By Gamuchirai Masiyiwa
HARARE – The question over the quality of water around Harare — both bottled and tap — is as clear as mud.
Consumption of bottled water is increasing rapidly in Zimbabwe among the middle and high income earners as it is generally perceived to be pure, clean and of good quality than tap water.
This has led to the sale of different brands of bottled water on the local market.
This industry is one of the fastest growing industries worldwide estimated to be worth $22 billion annually.
However, the figures to ascertain the value of the industry in Zimbabwe were not readily available by the time of writing.
Some researchers and environmental activists say the bottled water market is partly fuelled by concerns over the safety of municipal water and by the marketing of many brands which portray them as being drawn from pristine sources and as being healthier than tap water.
However, some bottled waters only differ from tap water in the fact that they are distributed in bottles rather than through pipes as this two-month investigation found out.
Researchers define bottled water as any potable water that is manufactured, distributed or offered for sale, which is sealed in food-grade bottles or other containers and intended for human consumption.
“Our attitudes towards tap water are being shaped by the pollution which is choking the rivers and streams which should be veins of life,” argues one environmental activist.
An investigation carried out on two bottled water samples and another on municipal water show that bottled water is not safer, or healthier than tap water in Zimbabwe.
As part of the investigation, water samples of two bottled water samples from two major brands were purchased at two leading supermarkets in Harare and a bottled water sales point along George Silundika.
Labels of these two samples were removed to avoid bias from the laboratories and they were labelled as sample 1 and 2. Municipal tap water was also taken for the analysis.
The samples were sent to the City Council Laboratory and the Government Analytical Laboratory.
Results from the City Council Laboratory revealed that all water samples were microbiologically safe meaning they had no bacteria in them.
However, a chemical analysis showed the pH level in the two bottled water samples needed to be adjusted and to be within the World Health Organisation (WHO) guidelines.
Sample 1 had a pH of 6,1 and sample 2 had a pH 6,4 when the required range is 6,5 to 8,5.
The pH is a scale for measuring acidity and alkalinity. Proper pH levels are essential to good health.
Sample 1 had an acidity level which fell below the permissible limit required by the Food and Food Standards (Natural and Mineral Water and drinking Water Regulations 2002).
Sample 2 had a concentration of antimony (0,03) when the standard required is (0,005) exceeding the maximum permissible limit as required under the 2002 food and water standards regulations.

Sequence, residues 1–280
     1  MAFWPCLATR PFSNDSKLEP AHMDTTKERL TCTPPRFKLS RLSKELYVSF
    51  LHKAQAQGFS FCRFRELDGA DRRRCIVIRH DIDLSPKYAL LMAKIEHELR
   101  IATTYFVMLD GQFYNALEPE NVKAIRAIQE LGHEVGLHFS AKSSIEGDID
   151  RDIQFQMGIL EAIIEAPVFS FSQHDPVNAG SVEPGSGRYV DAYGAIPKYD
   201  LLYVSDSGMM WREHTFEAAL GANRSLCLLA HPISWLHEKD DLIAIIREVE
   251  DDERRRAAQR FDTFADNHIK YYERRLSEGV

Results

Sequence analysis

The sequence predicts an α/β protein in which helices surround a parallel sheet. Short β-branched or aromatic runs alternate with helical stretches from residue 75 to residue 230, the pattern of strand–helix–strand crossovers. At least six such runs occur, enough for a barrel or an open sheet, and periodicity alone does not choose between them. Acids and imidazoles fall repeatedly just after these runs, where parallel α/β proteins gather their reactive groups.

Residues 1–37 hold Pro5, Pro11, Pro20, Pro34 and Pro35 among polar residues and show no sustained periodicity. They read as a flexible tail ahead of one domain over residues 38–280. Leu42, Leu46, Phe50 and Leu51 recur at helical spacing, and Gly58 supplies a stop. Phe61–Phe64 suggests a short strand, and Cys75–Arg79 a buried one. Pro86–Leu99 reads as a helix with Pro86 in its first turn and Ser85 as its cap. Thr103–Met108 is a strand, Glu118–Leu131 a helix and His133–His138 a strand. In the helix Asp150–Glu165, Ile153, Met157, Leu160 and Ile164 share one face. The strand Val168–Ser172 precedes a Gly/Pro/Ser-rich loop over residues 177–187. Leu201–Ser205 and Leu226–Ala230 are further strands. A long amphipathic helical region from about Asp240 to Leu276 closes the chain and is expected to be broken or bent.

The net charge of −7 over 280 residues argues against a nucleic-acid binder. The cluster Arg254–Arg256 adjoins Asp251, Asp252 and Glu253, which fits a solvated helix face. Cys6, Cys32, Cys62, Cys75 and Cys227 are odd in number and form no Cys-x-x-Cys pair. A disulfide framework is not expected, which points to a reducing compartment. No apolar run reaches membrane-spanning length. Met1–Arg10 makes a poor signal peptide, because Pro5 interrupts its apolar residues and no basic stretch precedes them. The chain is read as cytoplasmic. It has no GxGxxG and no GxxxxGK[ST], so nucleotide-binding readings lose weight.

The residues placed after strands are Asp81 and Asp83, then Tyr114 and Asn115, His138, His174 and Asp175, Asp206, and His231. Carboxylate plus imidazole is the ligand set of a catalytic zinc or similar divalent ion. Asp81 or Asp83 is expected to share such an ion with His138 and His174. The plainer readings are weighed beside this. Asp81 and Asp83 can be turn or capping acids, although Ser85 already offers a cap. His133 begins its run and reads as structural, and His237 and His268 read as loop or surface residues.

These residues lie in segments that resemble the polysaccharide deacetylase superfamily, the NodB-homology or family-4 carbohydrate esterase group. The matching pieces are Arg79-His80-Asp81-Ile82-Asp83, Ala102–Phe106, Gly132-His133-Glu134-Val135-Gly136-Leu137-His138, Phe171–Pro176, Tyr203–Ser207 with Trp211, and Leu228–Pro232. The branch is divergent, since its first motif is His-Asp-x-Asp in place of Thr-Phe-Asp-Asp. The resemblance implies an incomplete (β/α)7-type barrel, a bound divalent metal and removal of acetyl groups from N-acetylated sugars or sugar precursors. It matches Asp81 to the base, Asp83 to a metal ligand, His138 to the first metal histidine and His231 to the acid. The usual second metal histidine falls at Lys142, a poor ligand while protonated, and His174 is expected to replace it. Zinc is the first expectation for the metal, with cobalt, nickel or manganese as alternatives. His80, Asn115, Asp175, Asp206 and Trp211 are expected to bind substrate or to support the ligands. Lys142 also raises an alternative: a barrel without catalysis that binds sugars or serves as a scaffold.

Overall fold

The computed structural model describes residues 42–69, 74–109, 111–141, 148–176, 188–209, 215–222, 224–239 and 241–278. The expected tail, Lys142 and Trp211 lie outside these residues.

Antimony is a semi-metallic chemical element and exposure to relatively high concentrations of it can have more serious health effects such as lung disease, heart problems, diarrhoea, severe vomiting and stomach ulcers.
An analysis of municipal water showed the presence of bacteria of 54 per 100 millilitre (ml) of water, way above the stipulated 0/100 ml.
This study, though not very detailed, acknowledges that while bottled water has the advantage of being perceived as generally safer by consumers, in reality it is turning out that bottled water is no better than municipal water.
Water experts say bottled waters contain spring, mineral or glacial water and can also be manufactured from tap water.
De-mineralised water or distilled water, they say, is simply tap water that has undergone processes to lower mineral content and remove chemicals such as chlorine.
“Tap water and bottled water are virtually the same. The risks for contamination of bottled water are the same as those for tap water,” says a Harare-based water expert of bottled water which has now become a “must have” fashion accessory for the middle class.
Zimbabwe’s bottled water legislation stipulates which sources of water are acceptable, which types of treatment are required, the maximum levels of certain substances, and what information bottlers must display on their labels.
However, lack of financial resources and manpower by the health ministry has hampered efforts to monitor and enforce the water bottling industry.
“Laboratory facilities at the Government Analytical Laboratory need to be upgraded. An acute shortage of manpower at both the Laboratory and Environmental Health Department, the freezing of posts for key laboratory scientific and environmental health personnel has affected our capacity to monitor the water bottling companies,” says Goldberg Mangwadu, the director of environmental health in the ministry of Health.